Glenn Ligon is an artist living and working in New York. Throughout his career, Ligon has pursued an incisive exploration of American history, literature, and society across bodies of work that build critically on the legacies of modern painting and conceptual art. He received a BA from Wesleyan University and attended the Whitney Museum Independent Study Program. In 2011, the Whitney Museum of American Art held a mid-career retrospective of Ligon’s work, Glenn Ligon: America, which traveled nationally. Important recent shows include Grief and Grievance (2021) at the New Museum, where Ligon acted as a curatorial advisor; Des Parisiens Noirs at the Musée d'Orsay, Paris; Blue Black (2017), an exhibition Ligon curated at the Pulitzer Arts Foundation in St. Louis; and Glenn Ligon: Encounters and Collisions (2015), a curatorial project organized with Nottingham Contemporary and Tate Liverpool. (Image courtesy of Paul Mgapi Sepuya)
David F. Mack is an artist, educator, researcher, and retired Lieutenant Colonel. He received his BS from Morgan State University, an MFA from The Maryland Institute College of Art, and an advanced military diploma from the US Army Command and General Staff College. He was awarded three National Council on Education for the Ceramic Arts (NCECA) program acceptance proposal letters and was a 2021 NCECA virtual panel member for the discussion group Enslaved and Freed Nineteenth Century African American Potters. He also contributes to Ceramic Monthly Magazine, with his most recent article being “Enslaved and Freed African American Potters” and is the author of a reparations proposal, titled The Stolen Bones Act of 1619, which would return stolen artifacts made by industrial enslaved people to their descendants.
Tonya M. Matthews
Tonya M. Matthews is President and CEO of the International African American Museum (IAAM), located in Charleston, South Carolina. As a champion of authentic, empathetic storytelling of American history, IAAM is one of the nation’s newest platforms for the disruption of institutionalized racism. A thought-leader in inclusive frameworks, social entrepreneurship, and education, Matthews has written articles and book chapters across these varied subjects. She is the founder of The STEMinista Project, a movement to engage girls in their future with STEM careers. Matthews is also a poet and is included in 100 Best African American Poems (2010), edited by Nikki Giovanni. Matthews received her PhD in biomedical engineering from Johns Hopkins University and her BSE in engineering from Duke University, alongside a certificate in African/African American studies.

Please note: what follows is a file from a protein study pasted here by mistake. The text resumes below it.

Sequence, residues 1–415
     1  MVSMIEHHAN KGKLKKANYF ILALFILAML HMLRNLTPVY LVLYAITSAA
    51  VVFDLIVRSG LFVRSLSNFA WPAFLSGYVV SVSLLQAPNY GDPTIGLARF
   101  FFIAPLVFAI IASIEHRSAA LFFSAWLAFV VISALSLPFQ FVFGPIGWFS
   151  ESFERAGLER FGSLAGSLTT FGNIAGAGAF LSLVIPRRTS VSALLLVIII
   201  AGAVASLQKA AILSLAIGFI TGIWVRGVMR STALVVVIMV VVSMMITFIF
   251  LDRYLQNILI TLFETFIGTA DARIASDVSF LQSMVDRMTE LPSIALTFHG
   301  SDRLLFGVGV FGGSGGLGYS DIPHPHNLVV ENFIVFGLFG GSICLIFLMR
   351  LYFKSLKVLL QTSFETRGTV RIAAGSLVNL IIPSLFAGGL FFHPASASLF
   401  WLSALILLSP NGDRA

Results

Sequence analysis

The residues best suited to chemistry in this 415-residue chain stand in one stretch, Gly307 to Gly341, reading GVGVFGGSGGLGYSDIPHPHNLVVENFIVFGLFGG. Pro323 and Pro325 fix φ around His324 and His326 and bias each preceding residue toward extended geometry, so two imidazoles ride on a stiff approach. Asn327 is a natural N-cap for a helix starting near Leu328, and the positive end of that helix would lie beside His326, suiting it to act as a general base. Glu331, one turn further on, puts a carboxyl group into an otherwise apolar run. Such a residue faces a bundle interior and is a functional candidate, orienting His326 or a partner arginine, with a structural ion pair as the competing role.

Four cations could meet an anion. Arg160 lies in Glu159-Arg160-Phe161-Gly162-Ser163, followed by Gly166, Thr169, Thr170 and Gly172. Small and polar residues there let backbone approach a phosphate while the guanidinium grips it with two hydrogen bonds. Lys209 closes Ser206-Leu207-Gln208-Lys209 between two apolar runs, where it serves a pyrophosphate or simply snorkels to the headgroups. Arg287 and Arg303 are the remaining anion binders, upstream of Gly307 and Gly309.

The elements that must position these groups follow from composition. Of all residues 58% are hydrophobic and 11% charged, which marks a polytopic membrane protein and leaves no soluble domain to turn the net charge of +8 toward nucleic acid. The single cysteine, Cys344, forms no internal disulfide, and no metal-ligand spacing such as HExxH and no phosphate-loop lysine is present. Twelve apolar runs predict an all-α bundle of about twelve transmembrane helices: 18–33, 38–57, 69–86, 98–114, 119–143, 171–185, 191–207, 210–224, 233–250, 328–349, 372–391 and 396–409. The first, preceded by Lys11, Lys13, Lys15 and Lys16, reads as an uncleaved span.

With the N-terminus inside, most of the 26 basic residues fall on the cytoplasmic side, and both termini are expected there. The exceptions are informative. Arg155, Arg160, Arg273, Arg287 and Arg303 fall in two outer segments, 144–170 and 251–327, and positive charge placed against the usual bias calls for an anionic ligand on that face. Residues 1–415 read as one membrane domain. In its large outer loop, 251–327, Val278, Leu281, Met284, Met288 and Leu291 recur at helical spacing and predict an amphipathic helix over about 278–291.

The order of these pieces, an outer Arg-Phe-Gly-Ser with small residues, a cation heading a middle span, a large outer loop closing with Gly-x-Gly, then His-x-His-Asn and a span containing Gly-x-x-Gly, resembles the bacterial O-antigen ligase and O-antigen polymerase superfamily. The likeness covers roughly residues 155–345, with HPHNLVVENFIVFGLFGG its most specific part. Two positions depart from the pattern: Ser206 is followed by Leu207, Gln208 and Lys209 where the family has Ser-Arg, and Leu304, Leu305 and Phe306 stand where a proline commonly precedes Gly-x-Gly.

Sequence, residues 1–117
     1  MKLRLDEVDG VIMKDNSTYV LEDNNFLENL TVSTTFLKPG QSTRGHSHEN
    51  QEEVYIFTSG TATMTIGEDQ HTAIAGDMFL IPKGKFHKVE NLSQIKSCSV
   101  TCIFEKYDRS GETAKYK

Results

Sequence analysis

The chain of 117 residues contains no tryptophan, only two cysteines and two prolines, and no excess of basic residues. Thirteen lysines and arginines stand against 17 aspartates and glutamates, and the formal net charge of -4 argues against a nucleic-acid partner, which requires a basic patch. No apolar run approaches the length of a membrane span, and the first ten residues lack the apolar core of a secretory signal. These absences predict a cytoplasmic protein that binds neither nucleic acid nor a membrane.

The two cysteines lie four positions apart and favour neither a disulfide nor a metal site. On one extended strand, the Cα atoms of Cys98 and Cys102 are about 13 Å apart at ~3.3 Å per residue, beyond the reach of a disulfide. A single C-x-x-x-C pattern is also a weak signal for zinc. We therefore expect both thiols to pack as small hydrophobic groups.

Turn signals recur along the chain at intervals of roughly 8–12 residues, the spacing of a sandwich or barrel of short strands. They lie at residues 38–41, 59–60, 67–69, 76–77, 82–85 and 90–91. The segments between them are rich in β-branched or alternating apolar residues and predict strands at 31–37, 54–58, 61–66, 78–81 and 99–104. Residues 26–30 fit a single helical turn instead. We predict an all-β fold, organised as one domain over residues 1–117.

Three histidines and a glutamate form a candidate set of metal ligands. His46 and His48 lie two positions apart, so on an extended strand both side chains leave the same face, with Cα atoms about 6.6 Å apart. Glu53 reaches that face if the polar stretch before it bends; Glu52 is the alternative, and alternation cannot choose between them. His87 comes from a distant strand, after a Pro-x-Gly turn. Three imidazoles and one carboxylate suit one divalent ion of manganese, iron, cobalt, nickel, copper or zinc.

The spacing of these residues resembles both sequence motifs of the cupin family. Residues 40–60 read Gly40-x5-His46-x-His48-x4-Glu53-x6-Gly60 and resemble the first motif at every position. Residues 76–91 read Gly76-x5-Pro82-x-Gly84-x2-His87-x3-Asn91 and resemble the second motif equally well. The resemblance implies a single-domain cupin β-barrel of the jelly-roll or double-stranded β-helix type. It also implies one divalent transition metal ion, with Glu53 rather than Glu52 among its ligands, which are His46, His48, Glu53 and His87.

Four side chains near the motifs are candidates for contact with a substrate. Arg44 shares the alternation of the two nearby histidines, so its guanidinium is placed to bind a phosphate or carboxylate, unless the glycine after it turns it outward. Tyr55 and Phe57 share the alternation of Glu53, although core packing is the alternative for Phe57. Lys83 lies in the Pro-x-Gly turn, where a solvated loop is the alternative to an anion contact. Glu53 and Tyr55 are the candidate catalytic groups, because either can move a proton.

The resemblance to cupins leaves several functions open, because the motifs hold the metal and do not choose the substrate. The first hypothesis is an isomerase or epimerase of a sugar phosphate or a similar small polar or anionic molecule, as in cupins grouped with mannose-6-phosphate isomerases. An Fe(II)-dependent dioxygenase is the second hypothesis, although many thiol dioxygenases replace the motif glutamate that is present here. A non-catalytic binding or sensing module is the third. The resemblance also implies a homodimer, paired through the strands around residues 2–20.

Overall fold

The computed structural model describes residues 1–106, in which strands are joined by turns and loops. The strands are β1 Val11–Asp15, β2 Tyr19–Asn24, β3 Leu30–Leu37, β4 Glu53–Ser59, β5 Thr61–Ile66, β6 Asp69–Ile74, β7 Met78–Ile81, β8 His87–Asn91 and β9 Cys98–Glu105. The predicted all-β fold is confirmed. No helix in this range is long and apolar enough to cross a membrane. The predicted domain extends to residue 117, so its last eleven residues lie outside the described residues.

Wayne O’Bryant is an award-winning author, historian, lecturer, and researcher. Wayne has written several books on African American history and comparative religions. He has been featured in several documentaries on African American history, serves as a consultant to multiple museums, and curates exhibits on African American culture across the United States. Born in the historic city of Charleston, South Carolina, the premier slave port for the U. S. Trans-Atlantic Slave Trade, he was raised by three generations of master educators who taught amongst the enigmatic Gullah Geechee people, the most African of all African Americans. His maternal relatives taught him Black history that was missing from textbooks, which laid the foundation for his understanding of America and its relation to African American history. Wayne later moved to North Augusta, South Carolina, bringing him to the area where his paternal ancestry stretches back to the mid-1700s in Old Edgefield County. Some of his enslaved ancestors worked in the potteries contemporary with David Drake and were present when a group of newly arrived Africans from the slave ship Wanderer arrived.